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The CDC Wants You to Follow These 9 Grocery Shopping Rules Right Now

Follow these and you'll stay as safe as possible.
hands on shopping cart

Grocery shopping is still one of our most dreaded chores. While we're now armed with more knowledge about how the coronavirus spreads than we were at the start of the pandemic, we are also facing a perfect storm of new risky circumstances—heading into the holiday season when everyone's looking to shop more, while the numbers of COVID-19 cases are spiking across the country.

One of the main guidelines from the Centers for Disease Control and Prevention (CDC) still stands—the most likely way you'll contract the coronavirus is via person-to-person contact. Based on that notion, and latest best practices outlined by the CDC, here's how to stay safe while navigating the busiest shopping season of the year.

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1

Use online services when possible

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The absolute safest way to shop is by not going to the grocery store at all. Our grocery delivery and curbside pickup options have advanced by leaps and bounds this year, and the CDC advises to use them whenever possible. You can also check with your local grocery store to see if pre-order or drive-up options are available. Here's How to Use Walmart, Target, and Amazon's Apps to Get Your Groceries Delivered.

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2

Avoid crowds by choosing the right shopping times

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In order to keep yourself at a safe distance from strangers, plan to visit the grocery store outside of peak times. According to latest data from Google, the least busy time to visit a grocery store is Monday at 8 a.m., while the pharmacy is usually least crowded on Monday at 9 a.m. Sounds like you could check off both errands off your to-do list in one quick trip! Find out the absolute busiest time to shop at a grocery store here.

3

Keep it short

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Bring a grocery list, wear your most comfortable shoes, go alone . . . do whatever it takes to reduce the amount of time you spend at the grocery store. The CDC states that the length of exposure to an infected person absolutely plays a role in how likely you are to get infected.

4

Don't take your mask off, especially when social distancing is difficult

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Masks, masks, masks . . . they're your only COVID-19 shield when out in public. We know respiratory droplets are the primary way this virus spreads, so protecting your nose and mouth is of paramount importance. The CDC recently updated their mask guidelines based on new data which shows that masks protect those wearing them as much as others. So keep your mask on at all times for your own benefit, and avoid activities that would require you to remove it, like trying in-store food samples, talking on the phone, etc.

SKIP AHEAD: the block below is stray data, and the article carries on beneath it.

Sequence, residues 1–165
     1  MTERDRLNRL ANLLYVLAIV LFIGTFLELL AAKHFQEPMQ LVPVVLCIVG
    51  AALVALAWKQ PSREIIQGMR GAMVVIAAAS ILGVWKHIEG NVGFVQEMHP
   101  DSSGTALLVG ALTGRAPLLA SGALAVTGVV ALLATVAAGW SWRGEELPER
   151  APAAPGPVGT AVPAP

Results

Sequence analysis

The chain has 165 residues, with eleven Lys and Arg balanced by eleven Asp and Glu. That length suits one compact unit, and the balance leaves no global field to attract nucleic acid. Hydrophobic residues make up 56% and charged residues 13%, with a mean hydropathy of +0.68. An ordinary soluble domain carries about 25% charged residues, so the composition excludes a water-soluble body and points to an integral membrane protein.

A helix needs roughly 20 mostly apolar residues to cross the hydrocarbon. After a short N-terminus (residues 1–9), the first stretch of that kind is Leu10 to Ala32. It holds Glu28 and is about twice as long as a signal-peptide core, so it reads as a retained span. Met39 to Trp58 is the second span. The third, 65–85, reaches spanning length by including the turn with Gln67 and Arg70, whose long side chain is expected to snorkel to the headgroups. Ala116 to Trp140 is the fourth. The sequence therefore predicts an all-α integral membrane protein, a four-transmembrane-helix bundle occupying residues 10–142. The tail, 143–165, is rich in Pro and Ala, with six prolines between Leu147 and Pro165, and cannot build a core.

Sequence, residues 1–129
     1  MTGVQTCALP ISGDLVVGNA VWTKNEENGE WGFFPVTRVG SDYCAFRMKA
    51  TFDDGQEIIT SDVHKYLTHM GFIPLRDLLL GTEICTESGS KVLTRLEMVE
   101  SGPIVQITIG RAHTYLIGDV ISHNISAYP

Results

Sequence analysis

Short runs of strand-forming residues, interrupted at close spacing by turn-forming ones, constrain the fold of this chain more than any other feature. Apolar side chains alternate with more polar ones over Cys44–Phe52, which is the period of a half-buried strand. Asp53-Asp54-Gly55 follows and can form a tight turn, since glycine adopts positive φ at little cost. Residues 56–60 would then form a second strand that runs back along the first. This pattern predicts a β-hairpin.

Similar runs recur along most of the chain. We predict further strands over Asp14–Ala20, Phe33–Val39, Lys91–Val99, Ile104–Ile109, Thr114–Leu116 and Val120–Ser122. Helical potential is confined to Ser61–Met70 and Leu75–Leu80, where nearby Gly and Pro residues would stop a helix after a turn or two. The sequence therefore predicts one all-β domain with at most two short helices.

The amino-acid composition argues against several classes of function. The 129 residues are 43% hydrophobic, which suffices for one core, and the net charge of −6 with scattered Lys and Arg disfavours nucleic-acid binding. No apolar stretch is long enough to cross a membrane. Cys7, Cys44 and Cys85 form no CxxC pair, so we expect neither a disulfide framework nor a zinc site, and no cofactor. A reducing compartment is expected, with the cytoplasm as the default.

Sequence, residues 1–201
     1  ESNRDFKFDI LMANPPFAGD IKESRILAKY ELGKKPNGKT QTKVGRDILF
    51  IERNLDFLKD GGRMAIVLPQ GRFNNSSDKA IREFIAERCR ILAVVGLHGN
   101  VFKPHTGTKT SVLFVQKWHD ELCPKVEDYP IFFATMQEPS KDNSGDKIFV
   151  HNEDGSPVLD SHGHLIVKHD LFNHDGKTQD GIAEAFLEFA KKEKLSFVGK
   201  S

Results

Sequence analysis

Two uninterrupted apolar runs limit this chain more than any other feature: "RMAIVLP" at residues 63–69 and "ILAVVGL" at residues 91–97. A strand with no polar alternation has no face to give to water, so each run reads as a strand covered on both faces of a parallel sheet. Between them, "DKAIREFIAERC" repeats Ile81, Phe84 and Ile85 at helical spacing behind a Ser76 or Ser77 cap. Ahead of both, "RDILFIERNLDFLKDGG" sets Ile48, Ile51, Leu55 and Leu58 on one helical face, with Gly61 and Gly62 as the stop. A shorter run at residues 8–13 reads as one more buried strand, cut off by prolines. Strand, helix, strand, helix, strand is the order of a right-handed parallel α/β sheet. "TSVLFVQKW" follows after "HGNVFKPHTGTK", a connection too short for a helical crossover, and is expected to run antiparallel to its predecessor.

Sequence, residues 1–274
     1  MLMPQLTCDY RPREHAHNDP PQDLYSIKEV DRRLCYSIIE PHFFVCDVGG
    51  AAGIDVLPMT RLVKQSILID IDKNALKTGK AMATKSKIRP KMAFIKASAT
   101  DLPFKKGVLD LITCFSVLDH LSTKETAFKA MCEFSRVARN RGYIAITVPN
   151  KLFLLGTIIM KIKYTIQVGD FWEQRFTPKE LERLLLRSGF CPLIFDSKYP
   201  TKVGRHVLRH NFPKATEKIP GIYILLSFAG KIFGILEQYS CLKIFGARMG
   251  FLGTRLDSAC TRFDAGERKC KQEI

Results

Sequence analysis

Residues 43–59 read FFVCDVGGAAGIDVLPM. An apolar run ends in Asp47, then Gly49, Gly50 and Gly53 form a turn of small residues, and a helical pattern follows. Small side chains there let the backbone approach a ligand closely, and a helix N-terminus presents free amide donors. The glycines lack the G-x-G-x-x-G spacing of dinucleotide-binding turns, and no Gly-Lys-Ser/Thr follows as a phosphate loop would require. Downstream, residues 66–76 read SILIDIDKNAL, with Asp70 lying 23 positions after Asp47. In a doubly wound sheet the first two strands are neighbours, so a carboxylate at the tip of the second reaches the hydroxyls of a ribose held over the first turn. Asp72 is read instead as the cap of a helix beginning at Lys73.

5

Practice social distancing as much as possible

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Social distancing isn't an all-or-nothing affair. Staying 6 feet away from other shoppers may not be realistic in a crowded grocery store, especially around the holidays, but you should try to keep as much distance as possible. The CDC guidelines state that the more closely you interact with others, the higher the risk of COVID-19 spread. So stay out of crowded aisles or areas where people are waiting in tightly-packed crowds, like at the cash register. And don't go wrestling for that last roll of toilet paper—it's not worth it.

6

Bring your own clean bags

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In order to avoid putting yourself in a bagless pickle after you've paid for your groceries, remember to bring your own shopping bags. The CDC points out that some grocery stores have temporarily banned the use of reusable shopping bags during the COVID-19 pandemic, but check your store's policy to avoid surprises. If bringing your own reusable bags, ensure they are cleaned before each use.

7

Keep your dirty hands away from your face

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Whatever germs you pick up on your hands when shopping shouldn't somehow end up on your face. This means you should avoid touching your face after your hands have been in contact with common surfaces like shopping cart handles, credit card machines, and door handles. The CDC advises the use of hand sanitizer that contains at least 60% alcohol each time you touch a surface, and this is especially important if you're a face-toucher. When you get home, wash your hands like it's your job—lather them up with an antibacterial soap and scrub for at least 20 seconds.

8

Don't let your hands do the window shopping

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Try not to touch any products you don't plan to purchase, says the CDC. While secondary transfer of COVID-19 via inanimate objects is thought to be an unlikely method of infection, it's good to minimize those chances further by avoiding things others may have touched and limiting the spread of your own germs by the same token.

9

Unpack your groceries safely

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The risk of coronavirus infection from food products, food packaging, or bags is thought to be low, says the CDC, but it is always important to follow good food safety practices. While health experts agree that wiping down groceries isn't necessary, washing your hands after unpacking them is. It's also good practice to regularly clean and disinfect kitchen your counters, especially after putting away your shopping haul.

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Mura Dominko
Mura Dominko is a senior editor at Eat This, Not That!. Read more